The report, by a team of researchers from the Massachusetts Institute of Technology (MIT) in the United States, credits Thailand's '30 Baht' programme for an important increase in access to adequate healthcare for the nation's poor and rural communities.
"It dramatically changed the landscape of the healthcare system in Thailand," says Nathaniel Hendren, a visiting fellow at MIT and one of the study's authors. "The poor technically had insurance before this programme, but not with the level of funding to provide the care needed."
The authors also suggested other developing countries could learn from Thailand's experience that increasing funding for hospitals and health providers is more important than just providing free medical care for the poorest.
Shortly after being elected to office in 2001, Thailand's then Prime Minister Thaksin Shinawatra pushed through a series of sweeping populist healthcare policies. The most well-known was universal access to care in public hospitals for 30 baht (less than a US$1) per visit.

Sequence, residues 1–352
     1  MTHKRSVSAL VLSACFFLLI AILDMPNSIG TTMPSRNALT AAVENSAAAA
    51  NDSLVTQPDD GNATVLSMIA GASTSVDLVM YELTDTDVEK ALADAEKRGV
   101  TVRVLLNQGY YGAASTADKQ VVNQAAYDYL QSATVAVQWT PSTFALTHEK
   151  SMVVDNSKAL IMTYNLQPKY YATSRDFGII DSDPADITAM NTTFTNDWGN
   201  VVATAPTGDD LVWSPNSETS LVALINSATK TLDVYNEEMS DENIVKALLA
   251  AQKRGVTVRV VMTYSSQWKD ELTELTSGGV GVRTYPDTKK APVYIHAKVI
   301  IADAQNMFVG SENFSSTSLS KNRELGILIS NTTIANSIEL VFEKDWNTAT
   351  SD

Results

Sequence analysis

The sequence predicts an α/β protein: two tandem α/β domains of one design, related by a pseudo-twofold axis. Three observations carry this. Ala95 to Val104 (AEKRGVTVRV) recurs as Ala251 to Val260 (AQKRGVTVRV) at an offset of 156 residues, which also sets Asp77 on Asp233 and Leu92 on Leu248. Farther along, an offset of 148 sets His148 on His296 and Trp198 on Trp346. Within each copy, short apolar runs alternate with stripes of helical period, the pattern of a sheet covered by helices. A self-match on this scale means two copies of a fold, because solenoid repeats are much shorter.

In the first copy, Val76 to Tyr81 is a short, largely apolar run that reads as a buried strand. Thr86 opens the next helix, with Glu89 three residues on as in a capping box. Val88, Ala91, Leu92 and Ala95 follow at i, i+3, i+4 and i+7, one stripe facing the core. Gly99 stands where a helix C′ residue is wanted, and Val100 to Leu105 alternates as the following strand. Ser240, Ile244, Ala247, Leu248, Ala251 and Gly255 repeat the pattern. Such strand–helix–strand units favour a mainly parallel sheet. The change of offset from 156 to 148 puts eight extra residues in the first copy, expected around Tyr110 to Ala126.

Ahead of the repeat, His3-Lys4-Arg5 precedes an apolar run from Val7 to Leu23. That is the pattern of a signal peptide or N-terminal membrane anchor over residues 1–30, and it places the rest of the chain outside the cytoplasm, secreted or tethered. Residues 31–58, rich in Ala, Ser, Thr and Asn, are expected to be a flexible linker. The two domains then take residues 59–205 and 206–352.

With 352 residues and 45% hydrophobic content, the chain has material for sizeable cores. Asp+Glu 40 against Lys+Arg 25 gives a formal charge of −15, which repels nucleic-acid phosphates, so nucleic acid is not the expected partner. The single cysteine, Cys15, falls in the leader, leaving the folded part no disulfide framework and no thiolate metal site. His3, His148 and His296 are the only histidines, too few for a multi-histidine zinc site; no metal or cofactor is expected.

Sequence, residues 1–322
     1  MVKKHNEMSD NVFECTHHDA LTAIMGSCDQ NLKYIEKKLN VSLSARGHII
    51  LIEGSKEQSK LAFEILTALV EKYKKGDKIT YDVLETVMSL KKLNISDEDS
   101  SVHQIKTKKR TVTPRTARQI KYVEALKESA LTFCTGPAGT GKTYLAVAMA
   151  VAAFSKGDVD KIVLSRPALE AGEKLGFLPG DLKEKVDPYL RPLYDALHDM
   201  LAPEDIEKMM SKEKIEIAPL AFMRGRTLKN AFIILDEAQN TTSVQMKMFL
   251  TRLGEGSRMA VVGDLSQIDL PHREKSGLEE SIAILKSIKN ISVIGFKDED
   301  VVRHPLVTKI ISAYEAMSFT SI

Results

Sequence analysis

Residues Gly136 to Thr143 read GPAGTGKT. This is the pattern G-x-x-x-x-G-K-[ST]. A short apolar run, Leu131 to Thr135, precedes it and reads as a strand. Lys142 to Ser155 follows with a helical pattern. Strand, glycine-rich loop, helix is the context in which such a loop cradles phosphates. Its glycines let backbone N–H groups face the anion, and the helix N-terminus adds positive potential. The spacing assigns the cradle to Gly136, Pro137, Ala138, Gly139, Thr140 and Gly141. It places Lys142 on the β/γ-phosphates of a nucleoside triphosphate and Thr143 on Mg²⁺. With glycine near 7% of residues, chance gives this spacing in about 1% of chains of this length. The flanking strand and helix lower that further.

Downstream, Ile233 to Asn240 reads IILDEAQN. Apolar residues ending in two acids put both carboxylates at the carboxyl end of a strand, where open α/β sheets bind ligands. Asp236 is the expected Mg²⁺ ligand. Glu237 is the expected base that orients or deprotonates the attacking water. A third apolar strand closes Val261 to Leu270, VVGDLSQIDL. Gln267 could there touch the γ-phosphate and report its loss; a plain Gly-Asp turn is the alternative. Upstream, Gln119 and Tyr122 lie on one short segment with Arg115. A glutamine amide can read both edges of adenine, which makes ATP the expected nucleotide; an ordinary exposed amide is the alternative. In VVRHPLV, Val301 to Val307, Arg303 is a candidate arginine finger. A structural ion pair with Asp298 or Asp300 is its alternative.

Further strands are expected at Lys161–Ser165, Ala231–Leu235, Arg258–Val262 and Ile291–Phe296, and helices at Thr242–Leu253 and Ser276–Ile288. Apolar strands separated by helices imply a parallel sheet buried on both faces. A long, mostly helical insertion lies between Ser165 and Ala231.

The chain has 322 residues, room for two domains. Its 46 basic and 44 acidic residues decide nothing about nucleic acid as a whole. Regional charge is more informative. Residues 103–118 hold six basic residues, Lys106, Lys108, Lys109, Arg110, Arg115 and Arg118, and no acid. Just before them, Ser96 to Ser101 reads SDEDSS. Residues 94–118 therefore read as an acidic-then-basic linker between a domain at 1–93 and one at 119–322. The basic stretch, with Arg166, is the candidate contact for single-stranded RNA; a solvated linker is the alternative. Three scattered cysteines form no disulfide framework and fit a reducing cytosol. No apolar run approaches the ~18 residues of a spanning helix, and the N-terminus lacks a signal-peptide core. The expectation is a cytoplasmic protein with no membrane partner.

Since the poor already had coverage under an existing programme, it was not the low cost that helped them most but a less well-known aspect of the reform — a massive increase in per-patient government funding for public hospitals.
Before Shinawatra, public hospitals received about 250 baht per patient. The '30 Baht Programme' raised that to approximately 1,200 baht, an almost five-fold increase.
The study examined data collected by the Ministry of Public Health for 1997-2008. It found that infant mortality rates fell 30 per cent during this period, and disparities between rich and poor provinces "evaporated".
But Siripen Supakankunti, an associate professor in health economics and health care management at Chulalongkorn University in Bangkok, stressed that other external factors should not be ignored.
During the same period, Thailand also saw living standards increase, thanks to better food intake and rural water supplies. And new hospitals were built in rural areas during Thailand's economic boom of the early 2000s.
"Overall you can attribute our declining infant mortality to economic development," says Supakankunti. "We improved the transportation infrastructure and access to healthcare facilities throughout the country. That can't be overlooked."
The study will be published in the journal American Economic Journal: Applied Economics later in 2013.
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This article has been produced by SciDev.Net's South-East Asia & Pacific desk.